252-475-5400

Coastal Engineering & Adaptation Lab

Research Lab Overview

My research at the Coastal Studies Institute and ECU’s Department of Coastal Studies explores how nature-based and other adaptation strategies can help to reduce hazards from coastal flooding and erosion across local, national, and global scales. In my lab, we work across disciplines with ecologists, economists, and social scientists, using numerical and statistical methods to study coastal hazards and adaptation alternatives, with a focus on nature-based adaptation strategies. Specifically, we use numerical and spatial modeling tools to improve scientific understanding and inform engineering practice around how and where to work with nature to help protect people from coastal flooding and erosion.

Contact Information:

Siddharth Narayan
Assistant Professor, Department of Coastal Studies, ECU
Adjunct Assistant Professor, Dept. of Geography & Planning
Assistant Scientist, Coastal Studies Institute
Ph: 252-475-5448
Email: narayans19@ecu.edu
Website: https://narayanlab.weebly.com/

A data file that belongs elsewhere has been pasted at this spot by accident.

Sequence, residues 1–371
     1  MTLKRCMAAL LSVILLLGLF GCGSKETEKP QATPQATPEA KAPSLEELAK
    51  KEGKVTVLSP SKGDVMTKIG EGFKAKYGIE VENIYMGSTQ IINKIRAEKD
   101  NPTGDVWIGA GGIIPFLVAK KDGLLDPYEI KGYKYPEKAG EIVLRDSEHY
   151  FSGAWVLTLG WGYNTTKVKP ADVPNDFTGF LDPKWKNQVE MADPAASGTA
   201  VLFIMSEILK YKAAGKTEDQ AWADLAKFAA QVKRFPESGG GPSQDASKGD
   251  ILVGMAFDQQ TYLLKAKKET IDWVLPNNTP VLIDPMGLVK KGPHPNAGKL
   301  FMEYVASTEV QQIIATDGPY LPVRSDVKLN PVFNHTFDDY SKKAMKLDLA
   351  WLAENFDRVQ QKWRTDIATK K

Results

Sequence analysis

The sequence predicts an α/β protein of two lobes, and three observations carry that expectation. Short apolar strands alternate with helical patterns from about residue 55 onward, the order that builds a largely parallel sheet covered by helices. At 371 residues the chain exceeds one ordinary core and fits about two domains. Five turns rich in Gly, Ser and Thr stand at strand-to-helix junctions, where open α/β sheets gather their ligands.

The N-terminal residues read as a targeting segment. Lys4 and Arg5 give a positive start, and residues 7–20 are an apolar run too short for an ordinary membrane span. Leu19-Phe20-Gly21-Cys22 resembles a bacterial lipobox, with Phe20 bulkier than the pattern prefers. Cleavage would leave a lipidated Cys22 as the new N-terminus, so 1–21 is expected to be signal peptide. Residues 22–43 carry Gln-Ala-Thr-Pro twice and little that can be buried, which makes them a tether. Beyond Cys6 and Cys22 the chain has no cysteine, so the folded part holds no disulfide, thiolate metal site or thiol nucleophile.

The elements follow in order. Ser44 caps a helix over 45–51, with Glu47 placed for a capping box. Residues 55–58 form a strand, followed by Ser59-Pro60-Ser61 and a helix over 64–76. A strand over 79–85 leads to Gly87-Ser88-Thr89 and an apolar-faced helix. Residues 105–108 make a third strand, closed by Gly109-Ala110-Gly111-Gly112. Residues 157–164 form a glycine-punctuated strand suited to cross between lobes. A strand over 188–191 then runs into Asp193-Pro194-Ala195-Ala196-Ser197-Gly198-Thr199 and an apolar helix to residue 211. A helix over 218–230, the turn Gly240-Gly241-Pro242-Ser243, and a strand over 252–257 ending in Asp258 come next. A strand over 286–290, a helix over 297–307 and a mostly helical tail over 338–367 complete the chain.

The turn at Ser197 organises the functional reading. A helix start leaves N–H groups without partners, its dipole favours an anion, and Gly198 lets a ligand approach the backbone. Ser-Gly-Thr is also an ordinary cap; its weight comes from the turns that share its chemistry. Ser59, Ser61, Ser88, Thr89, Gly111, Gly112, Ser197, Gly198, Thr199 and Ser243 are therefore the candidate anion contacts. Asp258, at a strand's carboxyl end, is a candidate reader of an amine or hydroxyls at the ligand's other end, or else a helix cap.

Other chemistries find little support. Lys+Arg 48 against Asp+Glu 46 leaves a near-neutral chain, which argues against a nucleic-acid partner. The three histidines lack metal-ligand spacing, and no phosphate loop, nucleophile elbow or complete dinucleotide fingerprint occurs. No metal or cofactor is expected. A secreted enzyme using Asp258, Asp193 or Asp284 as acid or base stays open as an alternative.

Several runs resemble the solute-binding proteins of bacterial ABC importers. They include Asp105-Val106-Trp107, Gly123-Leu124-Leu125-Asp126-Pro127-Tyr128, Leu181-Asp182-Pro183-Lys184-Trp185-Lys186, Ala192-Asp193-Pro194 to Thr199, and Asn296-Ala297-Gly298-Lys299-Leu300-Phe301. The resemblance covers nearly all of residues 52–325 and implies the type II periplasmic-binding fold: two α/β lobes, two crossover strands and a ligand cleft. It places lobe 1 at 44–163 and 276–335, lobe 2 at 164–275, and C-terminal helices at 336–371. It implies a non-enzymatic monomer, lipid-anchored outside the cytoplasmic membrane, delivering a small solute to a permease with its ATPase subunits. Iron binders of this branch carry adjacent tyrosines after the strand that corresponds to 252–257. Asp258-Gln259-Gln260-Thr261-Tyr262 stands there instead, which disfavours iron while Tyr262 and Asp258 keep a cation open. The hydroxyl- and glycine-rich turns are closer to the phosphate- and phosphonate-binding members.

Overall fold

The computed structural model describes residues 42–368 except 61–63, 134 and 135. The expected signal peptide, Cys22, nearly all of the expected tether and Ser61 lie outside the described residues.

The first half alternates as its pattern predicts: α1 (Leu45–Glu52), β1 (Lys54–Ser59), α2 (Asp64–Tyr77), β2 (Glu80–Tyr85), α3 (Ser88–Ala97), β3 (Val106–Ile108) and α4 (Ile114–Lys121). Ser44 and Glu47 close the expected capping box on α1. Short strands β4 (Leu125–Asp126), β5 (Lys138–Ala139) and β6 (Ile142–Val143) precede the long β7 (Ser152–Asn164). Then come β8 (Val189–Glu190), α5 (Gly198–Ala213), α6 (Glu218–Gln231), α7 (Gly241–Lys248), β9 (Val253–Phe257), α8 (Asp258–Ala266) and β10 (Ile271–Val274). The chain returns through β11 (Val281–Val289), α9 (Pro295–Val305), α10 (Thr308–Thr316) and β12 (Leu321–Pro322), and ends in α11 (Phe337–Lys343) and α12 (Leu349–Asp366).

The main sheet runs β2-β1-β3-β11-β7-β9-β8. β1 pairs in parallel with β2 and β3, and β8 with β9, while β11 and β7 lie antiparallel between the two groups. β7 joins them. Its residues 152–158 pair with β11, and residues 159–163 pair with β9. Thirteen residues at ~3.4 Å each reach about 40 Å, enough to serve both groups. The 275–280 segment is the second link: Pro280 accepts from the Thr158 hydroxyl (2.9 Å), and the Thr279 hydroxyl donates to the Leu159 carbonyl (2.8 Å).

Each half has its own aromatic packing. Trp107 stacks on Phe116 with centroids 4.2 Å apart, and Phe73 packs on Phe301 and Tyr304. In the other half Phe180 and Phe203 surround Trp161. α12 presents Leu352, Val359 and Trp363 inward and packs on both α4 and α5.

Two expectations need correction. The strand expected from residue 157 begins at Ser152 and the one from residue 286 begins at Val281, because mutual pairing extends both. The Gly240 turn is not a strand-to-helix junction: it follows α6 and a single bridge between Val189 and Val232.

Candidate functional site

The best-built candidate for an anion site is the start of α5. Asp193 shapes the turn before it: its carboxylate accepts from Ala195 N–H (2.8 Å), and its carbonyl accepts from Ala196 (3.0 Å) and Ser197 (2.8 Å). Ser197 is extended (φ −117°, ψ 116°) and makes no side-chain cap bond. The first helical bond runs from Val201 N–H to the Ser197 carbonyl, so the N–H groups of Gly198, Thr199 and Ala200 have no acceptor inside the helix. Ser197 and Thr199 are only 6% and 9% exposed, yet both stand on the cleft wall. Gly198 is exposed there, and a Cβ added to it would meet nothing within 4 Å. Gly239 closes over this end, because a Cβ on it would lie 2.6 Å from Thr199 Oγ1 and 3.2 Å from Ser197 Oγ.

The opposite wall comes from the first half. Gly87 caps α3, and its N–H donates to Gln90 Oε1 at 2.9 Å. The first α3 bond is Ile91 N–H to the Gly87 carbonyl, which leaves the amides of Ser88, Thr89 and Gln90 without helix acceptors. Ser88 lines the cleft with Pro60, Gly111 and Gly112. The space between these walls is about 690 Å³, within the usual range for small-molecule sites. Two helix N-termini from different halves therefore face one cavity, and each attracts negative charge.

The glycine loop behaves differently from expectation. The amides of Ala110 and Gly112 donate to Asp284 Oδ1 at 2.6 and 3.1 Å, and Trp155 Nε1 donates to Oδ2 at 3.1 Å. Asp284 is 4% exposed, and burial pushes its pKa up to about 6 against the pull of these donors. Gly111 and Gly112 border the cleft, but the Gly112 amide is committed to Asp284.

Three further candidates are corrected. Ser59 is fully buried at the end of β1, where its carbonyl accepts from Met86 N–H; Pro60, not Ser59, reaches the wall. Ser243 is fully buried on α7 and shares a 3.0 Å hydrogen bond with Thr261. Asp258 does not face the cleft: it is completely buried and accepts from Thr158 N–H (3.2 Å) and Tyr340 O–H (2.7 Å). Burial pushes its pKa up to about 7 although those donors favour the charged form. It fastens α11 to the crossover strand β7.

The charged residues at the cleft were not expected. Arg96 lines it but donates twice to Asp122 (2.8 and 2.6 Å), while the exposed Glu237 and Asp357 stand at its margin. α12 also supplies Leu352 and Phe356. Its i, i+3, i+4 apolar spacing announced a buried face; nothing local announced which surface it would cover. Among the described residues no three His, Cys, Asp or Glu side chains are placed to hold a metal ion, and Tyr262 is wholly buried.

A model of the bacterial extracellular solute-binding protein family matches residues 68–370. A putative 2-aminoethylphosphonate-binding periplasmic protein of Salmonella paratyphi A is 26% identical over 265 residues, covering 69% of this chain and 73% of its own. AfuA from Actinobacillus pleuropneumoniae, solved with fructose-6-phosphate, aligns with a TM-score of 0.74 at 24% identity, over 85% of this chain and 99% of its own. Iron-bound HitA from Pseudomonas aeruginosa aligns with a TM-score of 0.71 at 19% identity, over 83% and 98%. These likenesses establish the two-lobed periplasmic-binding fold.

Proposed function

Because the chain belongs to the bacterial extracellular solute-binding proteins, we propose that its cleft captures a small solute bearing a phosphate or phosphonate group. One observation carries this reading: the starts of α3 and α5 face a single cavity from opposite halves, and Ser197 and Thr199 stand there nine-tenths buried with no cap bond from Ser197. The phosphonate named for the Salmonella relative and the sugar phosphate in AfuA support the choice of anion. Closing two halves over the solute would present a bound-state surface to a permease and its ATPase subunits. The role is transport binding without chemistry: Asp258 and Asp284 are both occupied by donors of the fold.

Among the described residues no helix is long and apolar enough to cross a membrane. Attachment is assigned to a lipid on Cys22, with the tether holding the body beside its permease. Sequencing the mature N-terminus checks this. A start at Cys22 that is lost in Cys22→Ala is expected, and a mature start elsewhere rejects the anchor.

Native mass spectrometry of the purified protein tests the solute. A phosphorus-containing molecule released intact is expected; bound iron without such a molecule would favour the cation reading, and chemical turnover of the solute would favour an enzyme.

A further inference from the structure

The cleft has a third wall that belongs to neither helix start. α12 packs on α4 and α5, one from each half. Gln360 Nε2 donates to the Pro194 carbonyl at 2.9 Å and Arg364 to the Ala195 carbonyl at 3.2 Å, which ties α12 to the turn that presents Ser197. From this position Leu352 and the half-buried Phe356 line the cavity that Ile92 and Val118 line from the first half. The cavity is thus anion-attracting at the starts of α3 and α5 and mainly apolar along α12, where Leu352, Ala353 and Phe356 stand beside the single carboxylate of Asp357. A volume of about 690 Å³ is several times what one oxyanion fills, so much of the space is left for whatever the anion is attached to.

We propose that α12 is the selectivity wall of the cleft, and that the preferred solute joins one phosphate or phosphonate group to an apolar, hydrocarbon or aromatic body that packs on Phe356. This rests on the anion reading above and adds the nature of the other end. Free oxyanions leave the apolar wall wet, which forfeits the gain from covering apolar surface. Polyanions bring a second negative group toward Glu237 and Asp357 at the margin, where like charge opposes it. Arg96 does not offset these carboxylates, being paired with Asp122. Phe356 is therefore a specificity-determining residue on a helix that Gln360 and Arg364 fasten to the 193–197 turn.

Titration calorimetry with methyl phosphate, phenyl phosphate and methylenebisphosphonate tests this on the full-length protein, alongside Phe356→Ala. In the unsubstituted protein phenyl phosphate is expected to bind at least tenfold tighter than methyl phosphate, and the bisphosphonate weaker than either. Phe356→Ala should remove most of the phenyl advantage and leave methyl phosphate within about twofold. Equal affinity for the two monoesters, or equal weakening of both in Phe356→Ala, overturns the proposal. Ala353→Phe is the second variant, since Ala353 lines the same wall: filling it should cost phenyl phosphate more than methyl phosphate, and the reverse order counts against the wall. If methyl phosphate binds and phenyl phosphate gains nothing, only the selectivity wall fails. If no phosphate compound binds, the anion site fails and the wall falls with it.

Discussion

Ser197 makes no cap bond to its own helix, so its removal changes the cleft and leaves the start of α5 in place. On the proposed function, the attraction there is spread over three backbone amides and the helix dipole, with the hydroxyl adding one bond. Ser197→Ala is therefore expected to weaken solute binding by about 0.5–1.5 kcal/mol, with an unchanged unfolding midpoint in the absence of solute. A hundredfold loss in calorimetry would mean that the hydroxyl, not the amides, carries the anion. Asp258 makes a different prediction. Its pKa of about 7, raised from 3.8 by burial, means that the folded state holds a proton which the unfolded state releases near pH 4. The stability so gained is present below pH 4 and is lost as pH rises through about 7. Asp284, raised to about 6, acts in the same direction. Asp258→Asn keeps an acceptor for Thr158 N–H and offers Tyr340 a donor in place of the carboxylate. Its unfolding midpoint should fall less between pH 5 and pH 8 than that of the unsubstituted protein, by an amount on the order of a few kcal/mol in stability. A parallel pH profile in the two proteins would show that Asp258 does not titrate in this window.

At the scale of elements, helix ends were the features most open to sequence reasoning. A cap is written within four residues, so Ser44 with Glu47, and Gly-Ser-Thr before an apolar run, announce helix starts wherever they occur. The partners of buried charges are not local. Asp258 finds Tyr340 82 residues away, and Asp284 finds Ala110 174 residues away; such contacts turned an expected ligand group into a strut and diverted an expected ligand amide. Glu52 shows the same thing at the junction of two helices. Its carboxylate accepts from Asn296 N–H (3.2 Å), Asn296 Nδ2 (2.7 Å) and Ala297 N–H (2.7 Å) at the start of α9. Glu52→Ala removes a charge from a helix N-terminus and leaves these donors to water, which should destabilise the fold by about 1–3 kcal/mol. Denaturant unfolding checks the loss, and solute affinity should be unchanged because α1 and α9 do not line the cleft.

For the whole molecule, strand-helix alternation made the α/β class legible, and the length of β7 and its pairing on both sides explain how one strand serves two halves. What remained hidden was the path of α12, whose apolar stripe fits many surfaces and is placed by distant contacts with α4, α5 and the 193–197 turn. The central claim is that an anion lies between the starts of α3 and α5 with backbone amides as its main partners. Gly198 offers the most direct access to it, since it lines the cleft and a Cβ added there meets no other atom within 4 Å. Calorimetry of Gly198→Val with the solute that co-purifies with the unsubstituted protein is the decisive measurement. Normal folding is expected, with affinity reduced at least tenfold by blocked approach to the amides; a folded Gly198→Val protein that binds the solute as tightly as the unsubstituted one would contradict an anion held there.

Current and Recent Research Projects

Mangrove Ecosystems for Flood Risk Reduction
I am working with ecologists, insurance risk modelers and other coastal engineers, to quantify and describe the extent to which coastal mangrove ecosystems reduce flooding from hurricanes and the socio-economic value gained with regard to avoided flood damages by preserving or restoring these mangrove ecosystems. This work spans multiple projects from Florida, to the Caribbean to global analyses, funded by a number of institutions including The World Bank, The Nature Conservancy, The Hoover Foundation, and others. [https://blogs.worldbank.org/voices/miracle-mangroves-coastal-protection-numbers]

 Restoring Marshes for Resilience With Beneficial Use of Dredge Material
The use of dredged sediments to restore marshes can present a potential triple win: for marshes to keep them stable and healthy in the face of sea-level rise; for the people and shorelines that these marshes will then protect, and for the dredging companies that can save significant costs associated with transporting and disposing dredged sediments. Yet, a lot remains to be understood about these practices and systems to provide these benefits. For starters: does loosely placed dredged sediment benefit marshes, and how?; do these marshes help protect shorelines and people during high wave or  storm events?; and how do the costs of such placement weigh against the potential benefits to the marsh ecosystem and adjacent shorelines? I am working with coastal engineers at Texas A&M University on a NOAA Texas Sea Grant Project to help answer these questions in the Galveston Bay, TX, using a mix of field, numerical and spatial modelling tools and approaches. [https://today.tamu.edu/2020/02/26/texas-sea-grant-awards-1-4-million-in-research-funding/]

Coastal Ecosystems, Ecosystem Services and Conflicts